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by Pam Payne
I'm going to join the "I'm late" bandwagon. It's barely still the 15th here in my world, but I just got home a little while ago from taking the youngest to the airport. She's headed back to college, back to her new life away from her family. And yes, I cried. I always cry when I send one of my kids off to school. It's a mother thing.
I was thinking about Jenna's sister-in-law (see the Superheroine article on the Wet Noodle Posse website), and thinking about how much I admire, not only Jenna's sister-in-law, but her mother-in-law too. My youngest has that type of giving heart, wanting to help the less fortunate, but I'm guilty of trying to talk her out of it. Not because I don't think she'd be great at it, and fulfilled by it, but because I'm afraid. Afraid she'll get hurt, afraid she'll get sick, afraid she won't get to come back home.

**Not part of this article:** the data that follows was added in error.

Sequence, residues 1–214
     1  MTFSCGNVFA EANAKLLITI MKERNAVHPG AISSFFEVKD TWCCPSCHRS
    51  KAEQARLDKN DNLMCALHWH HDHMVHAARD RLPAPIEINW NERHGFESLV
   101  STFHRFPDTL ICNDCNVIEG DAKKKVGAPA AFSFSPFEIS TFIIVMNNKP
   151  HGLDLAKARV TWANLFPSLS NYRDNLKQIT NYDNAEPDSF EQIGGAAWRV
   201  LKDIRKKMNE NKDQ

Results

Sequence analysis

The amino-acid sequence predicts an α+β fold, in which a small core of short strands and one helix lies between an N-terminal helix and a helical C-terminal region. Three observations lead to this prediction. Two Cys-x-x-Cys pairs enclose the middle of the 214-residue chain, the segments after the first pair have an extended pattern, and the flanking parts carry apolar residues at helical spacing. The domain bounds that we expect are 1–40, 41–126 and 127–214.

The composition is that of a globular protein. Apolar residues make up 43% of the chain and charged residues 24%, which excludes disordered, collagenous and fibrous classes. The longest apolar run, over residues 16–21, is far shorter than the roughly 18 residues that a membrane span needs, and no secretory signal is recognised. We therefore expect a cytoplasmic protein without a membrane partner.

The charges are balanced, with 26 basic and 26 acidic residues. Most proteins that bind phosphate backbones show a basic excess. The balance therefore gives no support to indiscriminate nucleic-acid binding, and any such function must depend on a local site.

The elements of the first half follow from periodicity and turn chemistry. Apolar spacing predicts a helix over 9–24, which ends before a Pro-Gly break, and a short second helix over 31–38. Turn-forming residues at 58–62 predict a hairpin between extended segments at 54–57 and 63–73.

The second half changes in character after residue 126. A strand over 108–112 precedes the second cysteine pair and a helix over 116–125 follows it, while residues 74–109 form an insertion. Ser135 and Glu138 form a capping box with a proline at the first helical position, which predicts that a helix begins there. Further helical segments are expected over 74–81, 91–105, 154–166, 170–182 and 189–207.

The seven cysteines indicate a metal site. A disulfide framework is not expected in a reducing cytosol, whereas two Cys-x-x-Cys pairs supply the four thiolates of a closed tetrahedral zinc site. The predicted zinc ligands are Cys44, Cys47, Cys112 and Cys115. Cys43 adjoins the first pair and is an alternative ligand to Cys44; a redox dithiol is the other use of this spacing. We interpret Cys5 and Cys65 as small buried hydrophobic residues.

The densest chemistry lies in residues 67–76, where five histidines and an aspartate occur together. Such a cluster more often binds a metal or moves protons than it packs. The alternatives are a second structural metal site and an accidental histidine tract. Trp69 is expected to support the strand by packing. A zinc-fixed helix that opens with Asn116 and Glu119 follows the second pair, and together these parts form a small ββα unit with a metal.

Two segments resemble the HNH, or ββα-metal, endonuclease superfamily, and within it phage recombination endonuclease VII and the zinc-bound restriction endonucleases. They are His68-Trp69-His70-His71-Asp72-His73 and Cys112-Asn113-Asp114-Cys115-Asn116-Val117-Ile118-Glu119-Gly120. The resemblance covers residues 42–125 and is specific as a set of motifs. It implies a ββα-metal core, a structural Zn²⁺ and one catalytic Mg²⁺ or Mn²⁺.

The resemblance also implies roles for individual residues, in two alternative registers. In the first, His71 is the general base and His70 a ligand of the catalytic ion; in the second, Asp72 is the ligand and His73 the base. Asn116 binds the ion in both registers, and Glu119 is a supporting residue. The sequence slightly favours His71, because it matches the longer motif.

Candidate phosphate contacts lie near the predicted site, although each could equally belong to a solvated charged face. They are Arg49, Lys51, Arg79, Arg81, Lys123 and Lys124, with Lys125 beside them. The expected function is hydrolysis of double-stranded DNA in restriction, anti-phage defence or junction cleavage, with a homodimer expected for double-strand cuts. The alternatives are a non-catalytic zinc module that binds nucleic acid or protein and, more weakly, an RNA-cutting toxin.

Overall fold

My whole life I've been afraid. Not of things I can see, so much, as by the "what ifs." It's a side-effect of having an over-active imagination. It's part of what makes me a writer, that inability to turn my brain off and not think of all the things that could possibly happen. Yes, one of them might actually occur, but the chances are probably a lot smaller than my imagination leads me to believe.
So how do you turn off that imagination and let your kids go? Let them take risks with their safety, their emotional well-being? Do you just make yourself stop caring? I don't think so. There has to be a way to draw the line between coming up with endless crises for our fiction and letting them spill over into our personal relationships.
Until I figure it out, I stand in awe of Jenna's mother-in-law, that she's found a way to let her little bird fly and make such a difference in children's lives.